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(ăn`tĭfŏn, –fən), c.479–411 B.C., Athenian orator. He rarely spoke in public but wrote defenses for others to speak. Of his 15 extant orations 3 were for use in court, the rest probably for the instruction of his pupils. A few fragments of other speeches survive. Antiphon did much to advance Attic prose writing. His position in politics was with the conservative aristocrats, and he was instrumental in setting up the Four Hundred in 411 B.C. When they fell, Antiphon was among the first to be executed before AlcibiadesAlcibiades
, c.450–404 B.C., Athenian statesman and general. Of the family of Alcmaeonidae, he was a ward of Pericles and was for many years a devoted attendant of Socrates. He turned to politics after the Peace of Nicias (421 B.C.
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See R. K. Sprague, The Older Sophists (1972); Antiphon and Lysias (tr. by M. Edwards and S. Usher, 1985).


(ăn`tĭfən), in Roman Catholic liturgical music, generally a short text sung before and after a psalm or canticle. The main use is in group singing of the Divine Office in a monastery. However, the sung introit, offertory, and communion verses of the Mass are also antiphons, whose psalms have for the most part disappeared. Certain festival chants, sung preparatory to the Mass itself, are called antiphons. There are also the four antiphons of the Blessed Virgin Mary, which are in the nature of office hymns and are sung by alternating choirs (i.e., antiphonally), each one belonging to a certain portion of the year. The best known of these is Salve Regina, of whose text there are many polyphonic settings. Modern antiphons are set to composed music rather than plainsongplainsong
or plainchant,
the unharmonized chant of the medieval Christian liturgies in Europe and the Middle East; usually synonymous with Gregorian chant, the liturgical music of the Roman Catholic Church.
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. These are independent choral works for which the English term anthemanthem
[ultimately from antiphon], short nonliturgical choral composition used in Protestant services, usually accompanied and having an English text. The term is used in a broader sense for "national anthems" and for the Latin motets still used occasionally in Anglican services.
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 was derived from antiphon.
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1. a short passage, usually from the Bible, recited or sung as a response after certain parts of a liturgical service
2. a psalm, hymn, etc., chanted or sung in alternate parts
Collins Discovery Encyclopedia, 1st edition © HarperCollins Publishers 2005
References in periodicals archive ?
Paraphrase I outlines the varied reception history of Schutz's music from the late nineteenth century through the beginning of World War II, with particular attention to Psalmen Davids and his other polychoral works.
"We first created our Supersize Polyphony programme back in 2007, trying to explore ways that would bring to life for 21st century audiences the extraordinary world of enormous polychoral works from the 16th century," he tells me.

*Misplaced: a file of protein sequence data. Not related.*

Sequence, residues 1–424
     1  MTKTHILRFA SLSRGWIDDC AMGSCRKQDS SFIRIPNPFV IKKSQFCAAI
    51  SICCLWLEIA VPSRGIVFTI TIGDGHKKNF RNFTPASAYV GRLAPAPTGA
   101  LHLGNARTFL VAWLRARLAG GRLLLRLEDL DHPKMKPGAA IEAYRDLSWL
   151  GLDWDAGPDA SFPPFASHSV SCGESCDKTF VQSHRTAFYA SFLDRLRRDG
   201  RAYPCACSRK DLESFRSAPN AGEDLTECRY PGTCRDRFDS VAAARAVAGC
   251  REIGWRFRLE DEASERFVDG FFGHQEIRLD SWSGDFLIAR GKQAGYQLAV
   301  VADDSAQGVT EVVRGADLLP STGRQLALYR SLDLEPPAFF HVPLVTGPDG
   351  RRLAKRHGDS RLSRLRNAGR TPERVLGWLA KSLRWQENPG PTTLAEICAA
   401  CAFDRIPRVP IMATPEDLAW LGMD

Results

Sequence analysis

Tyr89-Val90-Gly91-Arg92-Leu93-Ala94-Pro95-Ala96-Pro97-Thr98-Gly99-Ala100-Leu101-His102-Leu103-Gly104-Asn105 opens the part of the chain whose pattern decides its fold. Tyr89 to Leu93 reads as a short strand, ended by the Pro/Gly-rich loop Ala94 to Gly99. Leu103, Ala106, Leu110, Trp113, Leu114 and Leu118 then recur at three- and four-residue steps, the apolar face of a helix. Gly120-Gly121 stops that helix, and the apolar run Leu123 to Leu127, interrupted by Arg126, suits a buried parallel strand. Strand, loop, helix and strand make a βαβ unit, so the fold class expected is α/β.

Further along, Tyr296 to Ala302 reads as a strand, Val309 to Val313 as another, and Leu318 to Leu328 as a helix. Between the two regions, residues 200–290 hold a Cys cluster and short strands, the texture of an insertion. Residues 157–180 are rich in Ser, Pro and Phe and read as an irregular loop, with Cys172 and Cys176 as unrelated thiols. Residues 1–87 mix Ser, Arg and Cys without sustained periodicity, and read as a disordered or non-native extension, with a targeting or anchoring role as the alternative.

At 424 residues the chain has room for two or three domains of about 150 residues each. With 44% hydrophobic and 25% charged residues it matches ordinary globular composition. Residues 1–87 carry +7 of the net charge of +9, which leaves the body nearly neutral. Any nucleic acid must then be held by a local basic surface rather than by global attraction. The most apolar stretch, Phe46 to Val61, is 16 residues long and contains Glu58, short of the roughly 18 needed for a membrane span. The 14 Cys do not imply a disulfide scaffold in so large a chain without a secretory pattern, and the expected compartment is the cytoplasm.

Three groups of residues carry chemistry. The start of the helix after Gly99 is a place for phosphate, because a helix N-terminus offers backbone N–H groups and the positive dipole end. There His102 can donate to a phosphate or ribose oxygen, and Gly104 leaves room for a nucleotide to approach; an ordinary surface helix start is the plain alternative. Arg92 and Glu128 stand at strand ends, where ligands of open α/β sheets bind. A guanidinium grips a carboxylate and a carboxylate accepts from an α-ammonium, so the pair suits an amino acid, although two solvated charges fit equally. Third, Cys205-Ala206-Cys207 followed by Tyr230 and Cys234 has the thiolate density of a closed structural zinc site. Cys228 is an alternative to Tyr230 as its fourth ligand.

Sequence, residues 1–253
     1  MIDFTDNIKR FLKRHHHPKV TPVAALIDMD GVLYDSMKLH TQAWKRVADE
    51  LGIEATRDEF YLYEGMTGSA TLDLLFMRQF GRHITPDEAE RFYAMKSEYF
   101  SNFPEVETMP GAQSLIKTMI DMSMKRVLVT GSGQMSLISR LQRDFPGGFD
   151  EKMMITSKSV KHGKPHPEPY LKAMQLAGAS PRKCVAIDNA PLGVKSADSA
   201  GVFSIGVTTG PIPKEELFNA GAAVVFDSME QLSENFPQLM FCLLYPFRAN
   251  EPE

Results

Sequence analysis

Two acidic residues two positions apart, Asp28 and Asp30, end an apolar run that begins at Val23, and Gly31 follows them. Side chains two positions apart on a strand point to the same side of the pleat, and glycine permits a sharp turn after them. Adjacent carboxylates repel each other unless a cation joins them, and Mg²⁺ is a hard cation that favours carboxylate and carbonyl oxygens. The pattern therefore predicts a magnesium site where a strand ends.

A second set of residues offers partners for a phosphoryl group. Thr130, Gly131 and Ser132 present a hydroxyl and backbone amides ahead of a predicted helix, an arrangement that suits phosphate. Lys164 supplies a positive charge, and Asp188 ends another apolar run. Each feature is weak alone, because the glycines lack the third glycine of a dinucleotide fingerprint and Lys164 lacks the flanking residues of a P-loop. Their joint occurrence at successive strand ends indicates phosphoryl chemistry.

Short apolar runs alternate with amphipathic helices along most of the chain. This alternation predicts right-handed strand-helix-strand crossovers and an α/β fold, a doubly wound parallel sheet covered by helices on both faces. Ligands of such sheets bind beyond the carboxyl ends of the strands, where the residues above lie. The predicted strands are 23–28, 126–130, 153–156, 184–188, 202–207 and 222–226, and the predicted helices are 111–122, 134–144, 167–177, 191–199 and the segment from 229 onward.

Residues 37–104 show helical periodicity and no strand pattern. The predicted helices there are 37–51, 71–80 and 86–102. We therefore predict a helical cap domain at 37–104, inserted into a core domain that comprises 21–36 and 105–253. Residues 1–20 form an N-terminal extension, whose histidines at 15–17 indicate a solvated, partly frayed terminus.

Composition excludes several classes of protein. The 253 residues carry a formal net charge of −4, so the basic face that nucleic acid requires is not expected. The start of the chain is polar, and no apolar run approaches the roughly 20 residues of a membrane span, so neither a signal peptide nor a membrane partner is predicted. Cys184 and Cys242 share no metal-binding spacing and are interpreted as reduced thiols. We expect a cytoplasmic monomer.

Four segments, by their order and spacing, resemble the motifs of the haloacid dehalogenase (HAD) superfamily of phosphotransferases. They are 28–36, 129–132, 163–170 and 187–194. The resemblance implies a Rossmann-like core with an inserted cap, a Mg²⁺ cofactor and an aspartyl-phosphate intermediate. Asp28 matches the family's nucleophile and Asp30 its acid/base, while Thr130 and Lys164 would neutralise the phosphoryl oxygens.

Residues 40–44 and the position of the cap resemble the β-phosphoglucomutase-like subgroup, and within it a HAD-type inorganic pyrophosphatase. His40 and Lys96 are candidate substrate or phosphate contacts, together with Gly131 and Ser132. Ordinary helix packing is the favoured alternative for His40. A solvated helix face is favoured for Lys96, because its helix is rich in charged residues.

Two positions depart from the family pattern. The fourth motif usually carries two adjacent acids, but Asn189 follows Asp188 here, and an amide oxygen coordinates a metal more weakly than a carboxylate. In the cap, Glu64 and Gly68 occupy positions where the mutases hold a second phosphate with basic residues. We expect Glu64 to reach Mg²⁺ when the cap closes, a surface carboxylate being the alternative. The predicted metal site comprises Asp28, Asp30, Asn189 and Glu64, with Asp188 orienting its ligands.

Taking into account the fact that in the revised verses of the 1600 version of the polychoral Magnificats (primi and sexti toni) Victoria abandoned diverse head motives, this striving for thematic uniformity of the head motives in the manuscript version represents a progressive factor.
If Maderna in his later compositions and transcriptions referred to the Venetian polychoral tradition in the spatial distribution of voices and instruments, this trait is apparent only indirectly in his Requiem.
A niche element of their repertoire has always remained baroque music, and Saturday's concert took us right to the heart of Venetian polychoral music, with magnificent liturgical settings by Giovanni Gabrieli.
Periods and composers that come to mind include Palestrina and the late-sixteenth century polychoral repertoire, or Handel's Messiah when performed with a large choir and orchestra in a cathedral or open-air setting.
Wilson takes the easy solution and creates in effect a large-scale concert of polychoral motets, instrumental canzonas, and pieces for one to six solo voices.
The only glaring omission in this section (again, it may be reserved for a forthcoming study) is a context for the twelve-voice polychoral motet at the end of the book, `Laudate Dominum'.
Similar considerations apply to most of the polychoral pieces, which feature a rather strong theatrical component.
Those were partially conveyed in Striggio's Ecce beatam lucem, the grand-daddy of all these polychoral pieces, sung from up aloft, before, back down below, this crack chorus delivered Gabriel Jackson's Sanctum est verum lumen, cunningly wrought, but outstaying its welcome.
Noel O'Regan points out in the introduction to his edition that 'although long associated in the public mind only with Venice, the polychoral idiom became widespread throughout Catholic Europe in the years from 1575 onwards, with Rome producing more such works than any other centre'.
It must have been in the polychoral idiom and the particularly Roman sectionalized concertato style that Agazzari was most influenced by Roman composers, especially by those active at the German College, where dialogues, for example, were already popular.